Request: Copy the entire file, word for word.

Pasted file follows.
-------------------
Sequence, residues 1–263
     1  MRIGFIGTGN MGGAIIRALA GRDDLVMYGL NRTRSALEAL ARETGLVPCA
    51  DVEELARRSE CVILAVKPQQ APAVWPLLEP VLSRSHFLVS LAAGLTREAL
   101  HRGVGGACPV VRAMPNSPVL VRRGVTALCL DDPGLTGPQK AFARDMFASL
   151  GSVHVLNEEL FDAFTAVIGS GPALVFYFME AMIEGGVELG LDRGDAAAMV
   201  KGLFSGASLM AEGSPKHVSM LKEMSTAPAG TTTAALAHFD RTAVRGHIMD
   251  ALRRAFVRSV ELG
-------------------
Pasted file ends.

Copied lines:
Sequence, residues 1–263
     1  MRIGFIGTGN MGGAIIRALA GRDDLVMYGL NRTRSALEAL ARETGLVPCA
    51  DVEELARRSE CVILAVKPQQ APAVWPLLEP VLSRSHFLVS LAAGLTREAL
   101  HRGVGGACPV VRAMPNSPVL VRRGVTALCL DDPGLTGPQK AFARDMFASL
   151  GSVHVLNEEL FDAFTAVIGS GPALVFYFME AMIEGGVELG LDRGDAAAMV
   201  KGLFSGASLM AEGSPKHVSM LKEMSTAPAG TTTAALAHFD RTAVRGHIMD
   251  ALRRAFVRSV ELG